Suggested languages for you:

Americas

Europe

Problem 28

Convert the following regular expressions to NFAs using the procedure given in Theorem 1.54. In all parts, \(\Sigma=\\{\mathrm{a}, \mathrm{b}\\}\). a. \(\mathrm{a}(\mathrm{abb})^{*} \cup \mathrm{b}\) b. \(a^{+} \cup(a b)^{+}\) c. \(\left(\mathrm{a} \cup \mathrm{b}^{+}\right) \mathrm{a}^{+} \mathrm{b}^{+}\)

Expert verified

a. The NFA for \( \mathrm{a}(\mathrm{abb})^{*} \cup \mathrm{b} \) is obtained by creating separate NFAs for \( \mathrm{a} \), \( \mathrm{abb} \), and \( \mathrm{b} \), applying closure, concatenation, and union operations, then simplifying the result.
b. The NFA for \( a^{+} \cup(a b)^{+} \) is constructed by creating separate NFAs for \( a \) and \( a b \), applying the plus and union operations, and simplifying the result.
c. The NFA for \( \left(\mathrm{a} \cup \mathrm{b}^{+}\right) \mathrm{a}^{+} \mathrm{b}^{+} \) is derived by creating separate NFAs for \( a \), \( b^{+} \), \( a^{+} \), and \( b^{+} \), applying union and concatenation operations, and simplifying the final NFA.

What do you think about this solution?

We value your feedback to improve our textbook solutions.

- Access over 3 million high quality textbook solutions
- Access our popular flashcard, quiz, mock-exam and notes features
- Access our smart AI features to upgrade your learning

Chapter 1

Let \(A\) be any language. Define \(D R O P-O U T(A)\) to be the language containing all strings that can be obtained by removing one symbol from a string in \(A\). Thus, DROP-OUT \((A)=\left\\{x z \mid x y z \in A\right.\) where \(\left.x, z \in \Sigma^{*}, y \in \Sigma\right\\} .\) Show that the class of regular languages is closed under the \(D R O P-O U T\) operation. Give both a proof by picture and a more formal proof by construction as in Theorem \(1.47\).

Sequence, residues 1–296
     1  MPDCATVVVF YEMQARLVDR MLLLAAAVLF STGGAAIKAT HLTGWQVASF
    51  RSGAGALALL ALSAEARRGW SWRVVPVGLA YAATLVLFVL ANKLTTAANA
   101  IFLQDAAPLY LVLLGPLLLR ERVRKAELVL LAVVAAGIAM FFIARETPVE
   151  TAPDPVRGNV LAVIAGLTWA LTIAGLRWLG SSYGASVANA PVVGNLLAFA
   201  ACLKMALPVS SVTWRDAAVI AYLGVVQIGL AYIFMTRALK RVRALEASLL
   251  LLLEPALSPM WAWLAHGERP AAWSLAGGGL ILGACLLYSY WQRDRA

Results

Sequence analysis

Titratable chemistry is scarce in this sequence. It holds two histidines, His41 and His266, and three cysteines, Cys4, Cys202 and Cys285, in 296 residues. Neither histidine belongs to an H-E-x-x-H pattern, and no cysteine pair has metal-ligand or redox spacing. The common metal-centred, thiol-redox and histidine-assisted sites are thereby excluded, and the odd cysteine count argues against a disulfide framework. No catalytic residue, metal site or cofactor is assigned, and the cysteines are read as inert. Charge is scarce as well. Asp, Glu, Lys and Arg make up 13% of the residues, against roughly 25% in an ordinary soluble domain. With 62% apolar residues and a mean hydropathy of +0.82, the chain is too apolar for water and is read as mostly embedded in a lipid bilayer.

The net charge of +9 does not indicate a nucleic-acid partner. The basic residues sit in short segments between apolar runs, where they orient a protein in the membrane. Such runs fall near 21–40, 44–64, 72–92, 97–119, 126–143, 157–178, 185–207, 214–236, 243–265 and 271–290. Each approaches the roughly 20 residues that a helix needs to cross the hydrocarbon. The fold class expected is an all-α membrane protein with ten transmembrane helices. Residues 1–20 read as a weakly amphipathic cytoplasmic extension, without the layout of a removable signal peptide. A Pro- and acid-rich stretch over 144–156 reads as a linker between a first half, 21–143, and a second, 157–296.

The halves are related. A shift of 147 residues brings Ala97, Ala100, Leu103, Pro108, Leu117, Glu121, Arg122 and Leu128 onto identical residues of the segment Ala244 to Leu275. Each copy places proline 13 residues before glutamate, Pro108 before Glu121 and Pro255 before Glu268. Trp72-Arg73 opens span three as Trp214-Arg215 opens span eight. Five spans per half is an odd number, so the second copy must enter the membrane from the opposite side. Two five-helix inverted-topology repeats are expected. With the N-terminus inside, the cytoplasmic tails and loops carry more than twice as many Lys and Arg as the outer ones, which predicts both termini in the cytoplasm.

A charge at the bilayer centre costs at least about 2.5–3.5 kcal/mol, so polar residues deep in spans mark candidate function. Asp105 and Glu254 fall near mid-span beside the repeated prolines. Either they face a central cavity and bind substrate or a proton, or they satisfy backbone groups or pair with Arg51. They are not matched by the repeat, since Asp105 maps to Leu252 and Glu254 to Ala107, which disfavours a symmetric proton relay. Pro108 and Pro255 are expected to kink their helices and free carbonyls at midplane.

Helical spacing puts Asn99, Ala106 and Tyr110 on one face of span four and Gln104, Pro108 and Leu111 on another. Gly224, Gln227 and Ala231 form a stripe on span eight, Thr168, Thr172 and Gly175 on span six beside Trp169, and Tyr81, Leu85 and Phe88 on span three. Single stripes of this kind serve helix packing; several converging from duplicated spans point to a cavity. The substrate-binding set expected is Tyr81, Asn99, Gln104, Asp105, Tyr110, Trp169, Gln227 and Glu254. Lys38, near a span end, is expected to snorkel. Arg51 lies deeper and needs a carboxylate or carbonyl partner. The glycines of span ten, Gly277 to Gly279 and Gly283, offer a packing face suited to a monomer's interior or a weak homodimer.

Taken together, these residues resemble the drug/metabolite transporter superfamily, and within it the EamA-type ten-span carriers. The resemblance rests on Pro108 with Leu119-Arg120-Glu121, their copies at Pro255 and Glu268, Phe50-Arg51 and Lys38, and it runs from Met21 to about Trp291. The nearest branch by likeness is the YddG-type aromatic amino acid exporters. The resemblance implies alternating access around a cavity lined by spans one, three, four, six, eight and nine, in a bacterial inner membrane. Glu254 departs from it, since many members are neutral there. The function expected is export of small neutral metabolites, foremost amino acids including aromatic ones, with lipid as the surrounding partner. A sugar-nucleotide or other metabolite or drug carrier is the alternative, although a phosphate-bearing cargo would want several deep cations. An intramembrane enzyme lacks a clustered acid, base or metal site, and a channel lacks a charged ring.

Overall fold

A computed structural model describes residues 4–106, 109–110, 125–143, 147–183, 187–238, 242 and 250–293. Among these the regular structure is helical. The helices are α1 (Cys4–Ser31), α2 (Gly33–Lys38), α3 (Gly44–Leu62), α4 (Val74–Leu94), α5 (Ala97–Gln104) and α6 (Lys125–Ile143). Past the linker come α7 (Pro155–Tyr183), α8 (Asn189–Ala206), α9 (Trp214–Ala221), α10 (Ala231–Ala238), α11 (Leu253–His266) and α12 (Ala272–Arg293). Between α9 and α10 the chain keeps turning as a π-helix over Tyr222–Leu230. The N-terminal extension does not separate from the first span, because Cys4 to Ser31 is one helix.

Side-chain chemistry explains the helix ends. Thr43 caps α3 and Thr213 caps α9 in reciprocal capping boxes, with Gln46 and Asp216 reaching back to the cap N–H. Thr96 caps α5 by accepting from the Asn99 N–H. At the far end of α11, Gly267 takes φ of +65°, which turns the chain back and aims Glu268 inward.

Chapter 1

The formal description of a DFA \(M\) is $\left(\left\\{q_{1}, q_{2}, q_{3}, q_{4}, q_{5}\right\\},\\{\mathrm{u}, \mathrm{d}\\}, \delta, q_{3},\left\\{q_{3}\right\\}\right)\(, where \)\delta$ is given by the following table. Give the state diagram of this machine. $$ \begin{array}{c|cc} & \mathrm{u} & \mathrm{d} \\ \hline q_{1} & q_{1} & q_{2} \\ q_{2} & q_{1} & q_{3} \\ q_{3} & q_{2} & q_{4} \\ q_{4} & q_{3} & q_{5} \\ q_{5} & q_{4} & q_{5} \end{array} $$

Chapter 1

Read the informal definition of the finite state transducer given in Exercise 1.24. Prove that no FST can output \(w^{\mathcal{R}}\) for every input \(w\) if the input and output alphabets are \(\\{0,1\\}\).

Chapter 1

If \(A\) is any language, let \(A_{\frac{1}{2}-}\) be the set of all first halves of strings in \(A\) so that \(A_{\frac{1}{2}-}=\\{x \mid\) for some \(y,|x|=|y|\) and \(x y \in A\\} .\) Show that if \(A\) is regular, then so is \(A_{\frac{1}{2}-}\).

Chapter 1

Consider the language $F=\left\\{\mathrm{a}^{i} \mathrm{~b}^{j} \mathrm{c}^{k} \mid i, j, k \geq 0\right.\( and if \)i=1\( then \)\left.j=k\right\\} .$ a. Show that \(F\) is not regular. b. Show that \(F\) acts like a regular language in the pumping lemma. In other words, give a pumping length \(p\) and demonstrate that \(F\) satisfies the three conditions of the pumping lemma for this value of \(p\). c. Explain why parts (a) and (b) do not contradict the pumping lemma.

The first learning app that truly has everything you need to ace your exams in one place.

- Flashcards & Quizzes
- AI Study Assistant
- Smart Note-Taking
- Mock-Exams
- Study Planner